Salmon lice should be managed before they attach to salmon: exploring epidemiological factors affecting Lepeophtheirus salmonis abundance on salmon farms

Jaewoon Jeong, Marit Stormoen, Gregor F. McEwan, Krishna K. Thakur, Crawford W. Revie

Research output: Contribution to journalArticlepeer-review

2 Citations (Scopus)
3 Downloads (Pure)


The ectoparasite Lepeophtheirus salmonis has for decades been a serious challenge to the sustainability of salmonid aquaculture and has the potential to disrupt the ecosystem of wild salmonids. To tackle this challenge, efforts have been made to develop effective lice control strategies that deter ectoparasitic infestations on salmon farms. Infestation control can be enhanced by understanding L. salmonis population dynamics that may reveal critical points at which to intervene. Here, we investigate the impact of key parameters affecting L. salmonis population dynamics on salmon farms with a view to informing L. salmonis management. We built a system dynamics model to simulate L. salmonis populations in a hypothetical Atlantic salmon (Salmo salar L.) farm. Our model focused on three key parameters in the life cycle of L. salmonis: external pressure (rate of introduction of planktonic L. salmonis from outside the farm), attachment proportion (proportion of L. salmonis that successfully infest salmon), and treatment efficacy (proportion of L. salmonis that are killed as a result of treatment). By applying various combinations of plausible values for these three parameters, their modelled impacts on L. salmonis management were evaluated in terms of the total number of required treatments and the total infestation burden during a typical production cycle. These two modelled outcomes represent the cost of treatment and a proxy for other likely costs, such as lost growth or mortality caused by the parasite. Our results indicated that overall L. salmonis infestation levels were more sensitive to changes in the proportion of successful attachment, followed by changes in external pressure, and were least affected by changes in treatment efficacy. While attachment proportion and external pressure are involved at the pre-infestation stages in the life cycle of L. salmonis, treatment efficacy is involved in the post-infestation stages. Therefore, these findings suggest that preventing infestation before lice attach to fish is a more effective L. salmonis control strategy than treating already infested salmon. Overall, the presented results provide numerical evidence for the efficiency of prevention and support the development and application of prevention measures that have been on the rise in recent years.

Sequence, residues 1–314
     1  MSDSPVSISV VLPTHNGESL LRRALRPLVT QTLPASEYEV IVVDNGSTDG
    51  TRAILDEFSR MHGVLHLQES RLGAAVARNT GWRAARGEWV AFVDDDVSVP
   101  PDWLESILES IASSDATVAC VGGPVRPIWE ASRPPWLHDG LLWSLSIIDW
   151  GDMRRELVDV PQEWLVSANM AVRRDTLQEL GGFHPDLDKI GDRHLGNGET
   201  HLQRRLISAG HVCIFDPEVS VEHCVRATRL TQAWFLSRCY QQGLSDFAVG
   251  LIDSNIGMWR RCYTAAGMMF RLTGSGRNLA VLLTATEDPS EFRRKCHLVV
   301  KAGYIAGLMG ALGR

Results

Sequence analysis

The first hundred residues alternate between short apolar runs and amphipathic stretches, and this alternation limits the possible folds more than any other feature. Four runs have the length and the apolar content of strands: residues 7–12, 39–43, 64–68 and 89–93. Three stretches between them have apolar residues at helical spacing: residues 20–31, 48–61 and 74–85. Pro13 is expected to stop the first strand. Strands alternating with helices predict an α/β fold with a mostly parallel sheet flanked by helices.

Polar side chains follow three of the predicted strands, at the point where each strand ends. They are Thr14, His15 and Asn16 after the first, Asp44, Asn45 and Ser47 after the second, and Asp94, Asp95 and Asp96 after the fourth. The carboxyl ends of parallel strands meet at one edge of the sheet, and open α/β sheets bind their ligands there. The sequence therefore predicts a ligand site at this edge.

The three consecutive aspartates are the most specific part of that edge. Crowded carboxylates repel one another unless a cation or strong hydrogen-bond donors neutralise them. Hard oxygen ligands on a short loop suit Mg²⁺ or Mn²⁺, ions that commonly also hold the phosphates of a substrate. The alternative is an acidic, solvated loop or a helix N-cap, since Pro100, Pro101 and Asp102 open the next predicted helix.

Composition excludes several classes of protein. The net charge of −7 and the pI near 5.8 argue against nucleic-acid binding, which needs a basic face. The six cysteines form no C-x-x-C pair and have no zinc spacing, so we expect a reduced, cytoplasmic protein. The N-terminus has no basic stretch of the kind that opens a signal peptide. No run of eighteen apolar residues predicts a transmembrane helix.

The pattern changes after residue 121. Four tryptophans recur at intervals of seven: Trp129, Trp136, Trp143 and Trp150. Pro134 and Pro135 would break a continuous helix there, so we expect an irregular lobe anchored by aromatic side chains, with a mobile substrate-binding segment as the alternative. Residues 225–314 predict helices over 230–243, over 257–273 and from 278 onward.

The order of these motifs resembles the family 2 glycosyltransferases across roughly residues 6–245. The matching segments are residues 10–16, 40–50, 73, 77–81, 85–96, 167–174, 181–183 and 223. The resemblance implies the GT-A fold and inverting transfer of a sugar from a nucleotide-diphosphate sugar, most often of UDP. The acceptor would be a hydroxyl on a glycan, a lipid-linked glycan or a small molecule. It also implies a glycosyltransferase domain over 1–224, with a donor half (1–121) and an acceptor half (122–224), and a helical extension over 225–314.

Original languageEnglish
Article number736792
Early online date19 Apr 2021
Publication statusPublished - 30 Aug 2021


  • Atlantic salmon
  • attachment proportion
  • external pressure
  • mathematical model
  • Lepeophtheirus salmonis


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